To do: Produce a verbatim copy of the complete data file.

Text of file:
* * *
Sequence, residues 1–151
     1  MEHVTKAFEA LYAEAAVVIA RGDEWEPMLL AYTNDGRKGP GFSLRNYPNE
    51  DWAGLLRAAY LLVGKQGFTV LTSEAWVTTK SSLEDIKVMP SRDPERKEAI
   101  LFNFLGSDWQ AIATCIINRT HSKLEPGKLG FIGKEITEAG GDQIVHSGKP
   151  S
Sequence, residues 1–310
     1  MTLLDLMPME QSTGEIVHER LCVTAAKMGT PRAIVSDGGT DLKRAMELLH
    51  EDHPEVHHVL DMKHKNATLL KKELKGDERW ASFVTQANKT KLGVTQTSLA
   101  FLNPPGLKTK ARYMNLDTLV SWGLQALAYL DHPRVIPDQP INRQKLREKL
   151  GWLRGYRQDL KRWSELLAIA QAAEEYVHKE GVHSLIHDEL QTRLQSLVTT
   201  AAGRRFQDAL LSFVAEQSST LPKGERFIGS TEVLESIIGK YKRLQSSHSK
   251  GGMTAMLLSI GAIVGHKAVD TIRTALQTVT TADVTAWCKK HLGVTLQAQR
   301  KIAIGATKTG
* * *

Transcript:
Sequence, residues 1–151
     1  MEHVTKAFEA LYAEAAVVIA RGDEWEPMLL AYTNDGRKGP GFSLRNYPNE
    51  DWAGLLRAAY LLVGKQGFTV LTSEAWVTTK SSLEDIKVMP SRDPERKEAI
   101  LFNFLGSDWQ AIATCIINRT HSKLEPGKLG FIGKEITEAG GDQIVHSGKP
   151  S
Sequence, residues 1–310
     1  MTLLDLMPME QSTGEIVHER LCVTAAKMGT PRAIVSDGGT DLKRAMELLH
    51  EDHPEVHHVL DMKHKNATLL KKELKGDERW ASFVTQANKT KLGVTQTSLA
   101  FLNPPGLKTK ARYMNLDTLV SWGLQALAYL DHPRVIPDQP INRQKLREKL
   151  GWLRGYRQDL KRWSELLAIA QAAEEYVHKE GVHSLIHDEL QTRLQSLVTT
   201  AAGRRFQDAL LSFVAEQSST LPKGERFIGS TEVLESIIGK YKRLQSSHSK
   251  GGMTAMLLSI GAIVGHKAVD TIRTALQTVT TADVTAWCKK HLGVTLQAQR
   301  KIAIGATKTG